Feeling the Aftershocks of the Health Care Earthquakes

Taken from the July/August 2012 issue of The Women's Health Activist Newsletter.

Thankfully, none of them were severe and no one I knew was hurt, but those earthquakes left me with very vivid memories of the experience. Those memories started coming back as I sat down to write this column, and I realized that I wanted to write about health care earthquakes.

So, what do I mean by a health care earthquake?

I mean the kind of event that shakes people up and weakens old structures. The release of the first results from the Women’s Health Initiative 10 years ago, in July 2002, was certainly a health care earthquake. Women and their clinicians were startled by the news that hormones didn’t prevent heart disease and, in fact, carried health risks that had not previously been clear. The old structure that saw menopause as a deficiency disease was suddenly much weaker.

The 2010 Affordable Care Act (ACA) was another health care earthquake. State policymakers were shaken up by the new responsibility to set up affordable insurance exchanges for their residents. And, old structures, like treating being female as a preexisting condition, started to crumble.

The nice thing about health care earthquakes is that — unlike an actual earthquake — when it comes to health care, shaking things up actually leads to better health. As Amy Allina explains in “Challenging Unproven Medicine and Saving Lives,” tens of thousands of women are enjoying better health than they would have without the Women’s Health Initiative earthquake. And, although the biggest impact of the health reform earthquake has not been felt yet, millions of women have already gained access to services that they couldn’t afford before the passage of the Affordable Care Act.

But, what about those aftershocks?

When they come after a real earthquake, aftershocks can stop you in your tracks. At first, it’s hard to know if it’s just an aftershock or is another earthquake – maybe one that’s even worse than the first. But eventually, aftershocks subside and people go on about their business, including building up new structures to replace the ones that didn’t survive the shaking.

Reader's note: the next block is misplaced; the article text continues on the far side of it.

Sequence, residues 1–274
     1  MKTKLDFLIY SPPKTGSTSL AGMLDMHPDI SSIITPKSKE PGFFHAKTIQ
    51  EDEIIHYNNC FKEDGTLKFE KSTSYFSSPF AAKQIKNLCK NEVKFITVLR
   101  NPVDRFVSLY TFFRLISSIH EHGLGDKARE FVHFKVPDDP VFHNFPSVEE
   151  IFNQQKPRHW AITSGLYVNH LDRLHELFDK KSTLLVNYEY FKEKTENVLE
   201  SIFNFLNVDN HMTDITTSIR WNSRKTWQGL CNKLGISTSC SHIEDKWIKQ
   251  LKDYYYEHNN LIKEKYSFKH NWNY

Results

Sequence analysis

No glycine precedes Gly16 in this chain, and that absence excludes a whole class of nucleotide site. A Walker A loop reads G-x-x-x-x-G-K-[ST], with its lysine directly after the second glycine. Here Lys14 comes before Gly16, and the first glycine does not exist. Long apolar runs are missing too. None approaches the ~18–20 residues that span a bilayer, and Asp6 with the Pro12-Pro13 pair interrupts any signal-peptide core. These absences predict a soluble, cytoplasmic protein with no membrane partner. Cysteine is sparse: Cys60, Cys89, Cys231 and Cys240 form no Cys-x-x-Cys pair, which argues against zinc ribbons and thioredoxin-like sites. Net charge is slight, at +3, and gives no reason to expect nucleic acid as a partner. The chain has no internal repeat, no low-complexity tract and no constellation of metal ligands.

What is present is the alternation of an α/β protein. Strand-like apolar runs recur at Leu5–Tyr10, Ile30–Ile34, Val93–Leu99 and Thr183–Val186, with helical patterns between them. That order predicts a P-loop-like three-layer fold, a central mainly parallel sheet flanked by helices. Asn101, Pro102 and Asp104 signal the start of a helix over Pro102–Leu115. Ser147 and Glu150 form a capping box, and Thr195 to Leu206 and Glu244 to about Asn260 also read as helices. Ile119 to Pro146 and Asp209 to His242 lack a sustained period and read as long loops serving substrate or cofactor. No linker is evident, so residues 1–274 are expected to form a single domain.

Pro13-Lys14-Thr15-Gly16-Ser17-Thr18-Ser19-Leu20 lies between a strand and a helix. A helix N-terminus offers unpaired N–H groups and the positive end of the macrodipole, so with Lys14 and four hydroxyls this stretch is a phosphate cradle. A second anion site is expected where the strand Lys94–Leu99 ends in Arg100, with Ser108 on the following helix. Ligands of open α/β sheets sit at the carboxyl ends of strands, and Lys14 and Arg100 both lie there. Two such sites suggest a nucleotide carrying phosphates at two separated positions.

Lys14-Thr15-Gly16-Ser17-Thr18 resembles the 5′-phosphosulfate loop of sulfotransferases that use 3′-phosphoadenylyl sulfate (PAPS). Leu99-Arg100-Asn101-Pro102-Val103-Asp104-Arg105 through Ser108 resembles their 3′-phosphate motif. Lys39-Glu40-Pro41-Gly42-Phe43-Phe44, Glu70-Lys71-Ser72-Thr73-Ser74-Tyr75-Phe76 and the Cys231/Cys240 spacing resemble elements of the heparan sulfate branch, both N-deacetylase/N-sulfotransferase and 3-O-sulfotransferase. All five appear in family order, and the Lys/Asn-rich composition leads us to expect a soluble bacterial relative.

That’s what happens after health care earthquakes, too. The aftershocks of the Women’s Health Initiative are still happening. We feel them when we see a medical society with ties to pharma claim that the Women’s Health Initiative got it wrong; or when we see Internet ads for “customized” hormone therapy, claiming this will make us feel sexier, happier, and more energetic.

As this issue of the newsletter goes to print, we’re bracing ourselves for health reform aftershock – the Supreme Court’s ruling on the cases challenging the Affordable Care Act’s constitutionality. Whatever the Court decides, we’re sure to be shaken up, at least for a while.

But, here’s one thing I learned growing up in the land of earthquakes: unlike the changes made by the earthquake itself, aftershocks don’t last forever. That’s our attitude toward the health care earthquakes in which the Network has been so deeply involved. Breast cancer rates aren’t going to go back up and, regardless of what the Court decides, we are not going back to the time when insurance companies could deny coverage to people. Bring on the health care earthquakes!

Cindy Pearson was the NWHN’s Executive Director from 1996 to 2021. One of the nation's leading advocates for women's health, Cindy often testified before Congress,  NIH and the FDA and was frequently featured in the news as a consumer expert on women’s health issues. When she retired, Cindy received a Congressional Resolution in honor of her outstanding contributions to the health of women and girls.

Read more from Cindy Pearson.